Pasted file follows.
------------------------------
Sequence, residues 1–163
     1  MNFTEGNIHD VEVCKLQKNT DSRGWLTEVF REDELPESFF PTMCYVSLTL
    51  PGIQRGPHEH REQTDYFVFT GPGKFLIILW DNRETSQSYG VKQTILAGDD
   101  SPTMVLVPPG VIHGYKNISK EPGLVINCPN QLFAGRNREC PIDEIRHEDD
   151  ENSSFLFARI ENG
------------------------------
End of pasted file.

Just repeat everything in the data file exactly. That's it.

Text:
Sequence, residues 1–163
     1  MNFTEGNIHD VEVCKLQKNT DSRGWLTEVF REDELPESFF PTMCYVSLTL
    51  PGIQRGPHEH REQTDYFVFT GPGKFLIILW DNRETSQSYG VKQTILAGDD
   101  SPTMVLVPPG VIHGYKNISK EPGLVINCPN QLFAGRNREC PIDEIRHEDD
   151  ENSSFLFARI ENG